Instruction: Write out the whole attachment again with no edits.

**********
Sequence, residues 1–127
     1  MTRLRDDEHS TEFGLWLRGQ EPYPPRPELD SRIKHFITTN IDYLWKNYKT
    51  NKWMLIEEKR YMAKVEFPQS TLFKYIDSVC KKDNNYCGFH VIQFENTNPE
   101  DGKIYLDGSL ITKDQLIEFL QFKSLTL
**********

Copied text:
Sequence, residues 1–127
     1  MTRLRDDEHS TEFGLWLRGQ EPYPPRPELD SRIKHFITTN IDYLWKNYKT
    51  NKWMLIEEKR YMAKVEFPQS TLFKYIDSVC KKDNNYCGFH VIQFENTNPE
   101  DGKIYLDGSL ITKDQLIEFL QFKSLTL